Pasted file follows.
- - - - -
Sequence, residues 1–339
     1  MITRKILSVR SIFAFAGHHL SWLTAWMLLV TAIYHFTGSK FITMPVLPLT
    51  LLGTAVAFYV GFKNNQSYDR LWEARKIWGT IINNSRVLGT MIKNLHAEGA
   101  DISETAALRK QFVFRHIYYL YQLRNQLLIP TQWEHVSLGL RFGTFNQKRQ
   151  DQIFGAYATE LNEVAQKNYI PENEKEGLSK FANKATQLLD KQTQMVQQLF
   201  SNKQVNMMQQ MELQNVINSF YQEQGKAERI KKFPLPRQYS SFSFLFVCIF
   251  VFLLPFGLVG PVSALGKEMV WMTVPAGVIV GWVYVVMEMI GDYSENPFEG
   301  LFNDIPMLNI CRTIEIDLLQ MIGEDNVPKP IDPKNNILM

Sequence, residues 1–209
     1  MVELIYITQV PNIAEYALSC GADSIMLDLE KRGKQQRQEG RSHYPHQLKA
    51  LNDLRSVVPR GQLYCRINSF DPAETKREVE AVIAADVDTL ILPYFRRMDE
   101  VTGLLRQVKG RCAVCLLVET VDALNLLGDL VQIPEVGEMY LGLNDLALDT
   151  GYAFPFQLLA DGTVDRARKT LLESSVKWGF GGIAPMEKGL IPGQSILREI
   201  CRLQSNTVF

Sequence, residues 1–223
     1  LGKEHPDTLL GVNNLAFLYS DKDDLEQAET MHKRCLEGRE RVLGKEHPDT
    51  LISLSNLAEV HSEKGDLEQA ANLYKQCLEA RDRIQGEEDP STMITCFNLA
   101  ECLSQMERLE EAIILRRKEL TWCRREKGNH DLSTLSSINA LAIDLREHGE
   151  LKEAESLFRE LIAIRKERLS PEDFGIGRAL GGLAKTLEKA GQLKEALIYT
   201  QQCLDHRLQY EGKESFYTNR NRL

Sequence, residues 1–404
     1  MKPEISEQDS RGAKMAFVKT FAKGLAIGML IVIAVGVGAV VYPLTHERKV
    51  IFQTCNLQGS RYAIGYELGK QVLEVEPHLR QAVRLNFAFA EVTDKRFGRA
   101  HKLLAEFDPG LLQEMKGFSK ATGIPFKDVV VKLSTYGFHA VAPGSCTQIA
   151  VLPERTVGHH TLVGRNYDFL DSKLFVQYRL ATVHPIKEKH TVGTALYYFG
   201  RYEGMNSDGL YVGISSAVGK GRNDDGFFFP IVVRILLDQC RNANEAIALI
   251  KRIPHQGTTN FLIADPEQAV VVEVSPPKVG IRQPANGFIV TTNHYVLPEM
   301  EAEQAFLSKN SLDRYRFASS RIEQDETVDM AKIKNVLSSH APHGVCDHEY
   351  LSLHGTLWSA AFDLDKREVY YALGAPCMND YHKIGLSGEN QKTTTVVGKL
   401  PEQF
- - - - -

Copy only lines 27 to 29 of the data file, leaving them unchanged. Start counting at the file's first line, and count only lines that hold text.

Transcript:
   251  KRIPHQGTTN FLIADPEQAV VVEVSPPKVG IRQPANGFIV TTNHYVLPEM
   301  EAEQAFLSKN SLDRYRFASS RIEQDETVDM AKIKNVLSSH APHGVCDHEY
   351  LSLHGTLWSA AFDLDKREVY YALGAPCMND YHKIGLSGEN QKTTTVVGKL